If there are two strong options on the same day take a family vote, or split into two groups for an afternoon so no-one gets to miss out on what they want to see.
And keep everyone in mind when planning activities
Grandparents and little legs probably can’t go on that five kilometre hike up a mountain. Teenagers might not be interested in history museums and parents might not want to be partying every night.
Across a multi-generational extended family there are obviously going to be people of all different ages, fitness levels, physical health, energy levels and flexibility as well as having different interests, ideas and goals for the trip. Make sure to offer some activities that everyone can get involved in – like beach days – so that no one feels like they are being excluded.
This is especially important when travelling with grandparents or families with young kids in my opinion, as they may feel like they’re holding the family back or being a burden if they can’t participate.
Let people go their own way if they want to
There’s often that one person in the family that might go a little MIA or seem to flake out on half of the family activities. Let them. Maybe they do want to move at a bit of a faster pace than the family allows, or they want to see attractions that they think other people won’t be interested in, but either way it’s important to them.
Trying to get them to participate in all family activities will either result in them begrudgingly attending activities and being annoyed at everyone because they feel like they’re missing out on what they want to see (which then often results in everyone else being annoyed at them) or an argument.
Even in a family everyone has different interests, travels differently and prioritises different things. Let them do their own thing and then catch up with you when they’re ready. It will save tension. Never assume everyone wants to do the same thing as everyone else everyday.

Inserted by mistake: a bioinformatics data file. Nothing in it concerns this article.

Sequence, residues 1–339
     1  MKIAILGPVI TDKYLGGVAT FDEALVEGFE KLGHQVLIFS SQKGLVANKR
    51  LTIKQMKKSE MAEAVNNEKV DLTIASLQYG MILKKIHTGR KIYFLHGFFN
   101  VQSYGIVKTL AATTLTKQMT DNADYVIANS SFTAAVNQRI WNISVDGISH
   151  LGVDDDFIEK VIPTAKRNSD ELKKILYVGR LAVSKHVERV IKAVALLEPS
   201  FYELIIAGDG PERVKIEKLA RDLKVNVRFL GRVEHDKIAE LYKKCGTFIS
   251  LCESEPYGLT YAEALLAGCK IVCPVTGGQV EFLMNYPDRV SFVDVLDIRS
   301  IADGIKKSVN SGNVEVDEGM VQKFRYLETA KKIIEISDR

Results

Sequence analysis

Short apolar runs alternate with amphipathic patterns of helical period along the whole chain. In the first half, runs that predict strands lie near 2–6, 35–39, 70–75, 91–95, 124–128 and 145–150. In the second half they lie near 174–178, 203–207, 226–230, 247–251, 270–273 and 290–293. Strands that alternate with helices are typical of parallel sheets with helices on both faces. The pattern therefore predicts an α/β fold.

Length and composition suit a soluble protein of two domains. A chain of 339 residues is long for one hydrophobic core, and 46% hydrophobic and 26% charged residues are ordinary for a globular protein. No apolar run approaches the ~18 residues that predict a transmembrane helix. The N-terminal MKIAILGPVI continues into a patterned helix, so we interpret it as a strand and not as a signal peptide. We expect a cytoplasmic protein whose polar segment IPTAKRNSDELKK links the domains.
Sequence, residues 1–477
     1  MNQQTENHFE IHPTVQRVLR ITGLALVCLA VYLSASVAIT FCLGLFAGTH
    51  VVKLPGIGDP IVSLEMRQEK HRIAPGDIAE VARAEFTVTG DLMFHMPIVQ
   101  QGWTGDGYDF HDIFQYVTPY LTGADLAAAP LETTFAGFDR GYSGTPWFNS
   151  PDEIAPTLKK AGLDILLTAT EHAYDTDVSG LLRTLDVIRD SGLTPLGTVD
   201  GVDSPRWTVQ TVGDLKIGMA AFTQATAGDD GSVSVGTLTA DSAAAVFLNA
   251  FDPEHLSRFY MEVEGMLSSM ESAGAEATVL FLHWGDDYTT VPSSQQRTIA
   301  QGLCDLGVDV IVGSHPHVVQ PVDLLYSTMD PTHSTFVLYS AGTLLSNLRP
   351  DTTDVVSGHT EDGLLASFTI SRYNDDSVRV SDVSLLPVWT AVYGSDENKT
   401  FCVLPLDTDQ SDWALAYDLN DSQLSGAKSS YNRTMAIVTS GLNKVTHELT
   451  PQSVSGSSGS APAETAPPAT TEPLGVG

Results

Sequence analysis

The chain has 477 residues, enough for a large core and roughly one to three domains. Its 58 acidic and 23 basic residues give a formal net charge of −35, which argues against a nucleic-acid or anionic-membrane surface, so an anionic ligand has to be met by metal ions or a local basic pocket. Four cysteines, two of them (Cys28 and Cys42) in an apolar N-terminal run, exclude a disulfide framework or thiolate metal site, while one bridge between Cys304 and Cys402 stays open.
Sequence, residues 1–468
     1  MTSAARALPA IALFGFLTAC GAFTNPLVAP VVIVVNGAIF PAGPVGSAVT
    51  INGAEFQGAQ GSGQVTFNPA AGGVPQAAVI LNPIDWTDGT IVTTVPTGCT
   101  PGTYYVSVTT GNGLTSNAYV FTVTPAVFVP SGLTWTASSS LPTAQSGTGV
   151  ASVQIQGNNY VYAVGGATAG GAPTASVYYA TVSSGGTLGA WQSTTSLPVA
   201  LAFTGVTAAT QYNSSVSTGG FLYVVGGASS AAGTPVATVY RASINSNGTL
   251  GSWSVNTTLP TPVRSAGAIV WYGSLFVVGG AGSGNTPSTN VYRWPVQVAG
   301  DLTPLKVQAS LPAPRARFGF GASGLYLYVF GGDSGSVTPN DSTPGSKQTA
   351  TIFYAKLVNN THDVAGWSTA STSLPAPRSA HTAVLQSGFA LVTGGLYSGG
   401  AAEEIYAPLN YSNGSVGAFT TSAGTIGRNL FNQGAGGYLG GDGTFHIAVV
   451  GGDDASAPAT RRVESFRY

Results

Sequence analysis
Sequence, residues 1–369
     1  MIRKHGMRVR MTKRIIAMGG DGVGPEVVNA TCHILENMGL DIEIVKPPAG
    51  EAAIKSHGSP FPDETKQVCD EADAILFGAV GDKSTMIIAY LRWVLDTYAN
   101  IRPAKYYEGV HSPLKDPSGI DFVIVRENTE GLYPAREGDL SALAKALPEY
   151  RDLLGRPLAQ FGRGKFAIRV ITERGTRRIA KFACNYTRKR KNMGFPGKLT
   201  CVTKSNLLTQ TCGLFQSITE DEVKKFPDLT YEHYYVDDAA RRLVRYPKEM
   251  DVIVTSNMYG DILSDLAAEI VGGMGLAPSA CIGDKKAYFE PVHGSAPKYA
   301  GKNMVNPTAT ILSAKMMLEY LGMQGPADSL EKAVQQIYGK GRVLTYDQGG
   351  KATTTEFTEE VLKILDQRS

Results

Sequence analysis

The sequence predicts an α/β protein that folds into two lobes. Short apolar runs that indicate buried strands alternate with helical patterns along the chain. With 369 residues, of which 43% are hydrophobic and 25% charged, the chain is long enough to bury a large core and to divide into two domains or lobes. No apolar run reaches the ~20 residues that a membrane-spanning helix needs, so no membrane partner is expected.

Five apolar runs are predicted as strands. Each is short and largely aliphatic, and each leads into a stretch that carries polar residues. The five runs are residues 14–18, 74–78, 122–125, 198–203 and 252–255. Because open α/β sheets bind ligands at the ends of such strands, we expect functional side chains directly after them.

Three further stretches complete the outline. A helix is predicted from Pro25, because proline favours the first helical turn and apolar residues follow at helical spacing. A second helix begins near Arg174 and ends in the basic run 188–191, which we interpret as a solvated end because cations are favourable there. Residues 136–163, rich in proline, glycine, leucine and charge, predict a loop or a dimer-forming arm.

And go with the flow if other people turn up. If you’re second cousins that you’ve never met from England and you’re great-uncle turns up include them in the trip. The more the merrier!
You don’t need to be together for a month, traipsing between different cities or countries with a whole heap of flights, transfers or long drives inbetween. Especially if this isn’t a regular occurrence.
A week or even two is definitely plenty for a multi-generational trip, before family dynamics start to get tense or unravel. One of the best parts about our trip was the fact that Malta was only one stop on a multi-country itinerary for all of us. So different people in the family were leaving Australia at all different times and going to all different places.
For some of us Malta was a last stop where we could share our stories, for others it was a first stop and the excitement of their impending trip was huge. Our Instagram message group also came in perfectly for keeping up with everyone no matter where we were. It was so exciting to log on, everyday across a three month span from the first of us leaving to the last of us coming home and see what was going on with the rest of our family across the globe.
Make sure you commemorate the trip by taking heaps of selfies and photos!
Catch up before you leave and when you get home
Depending on what type of trip you’re taking – this probably isn’t necessary if you’re going on a one week trip and everyone has the exact same itinerary – leaving and coming home on the same day.
For our family and everyone travelling independently, there would be a three month space of time in between the first of us leaving at the beginning of June (which was actually me and Thom) and the last of us coming home at the end of August.
We were lucky enough to have birthdays either side of this time frame where we would all be together anyway – my Nannu’s 80th birthday at the end of May and my cousin Joel’s 18th birthday at the beginning of September, so this wasn’t actually something we planned out. But it worked out perfectly as a way to say goodbye and then welcome home to each other.
If all else fails always remember: do what makes you happy, laugh at yourselves and each other and ice-cream will cheer everyone up in a tense moment.